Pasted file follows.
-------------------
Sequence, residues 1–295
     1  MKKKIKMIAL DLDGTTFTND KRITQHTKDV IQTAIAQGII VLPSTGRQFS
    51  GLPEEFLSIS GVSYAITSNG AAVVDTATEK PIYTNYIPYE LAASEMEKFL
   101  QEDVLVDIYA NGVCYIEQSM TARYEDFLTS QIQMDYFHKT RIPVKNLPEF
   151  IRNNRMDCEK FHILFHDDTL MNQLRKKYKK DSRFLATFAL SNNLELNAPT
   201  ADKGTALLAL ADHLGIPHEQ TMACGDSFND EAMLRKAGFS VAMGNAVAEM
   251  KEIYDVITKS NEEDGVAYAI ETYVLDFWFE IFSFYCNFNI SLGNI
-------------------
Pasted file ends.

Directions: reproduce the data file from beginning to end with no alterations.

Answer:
Sequence, residues 1–295
     1  MKKKIKMIAL DLDGTTFTND KRITQHTKDV IQTAIAQGII VLPSTGRQFS
    51  GLPEEFLSIS GVSYAITSNG AAVVDTATEK PIYTNYIPYE LAASEMEKFL
   101  QEDVLVDIYA NGVCYIEQSM TARYEDFLTS QIQMDYFHKT RIPVKNLPEF
   151  IRNNRMDCEK FHILFHDDTL MNQLRKKYKK DSRFLATFAL SNNLELNAPT
   201  ADKGTALLAL ADHLGIPHEQ TMACGDSFND EAMLRKAGFS VAMGNAVAEM
   251  KEIYDVITKS NEEDGVAYAI ETYVLDFWFE IFSFYCNFNI SLGNI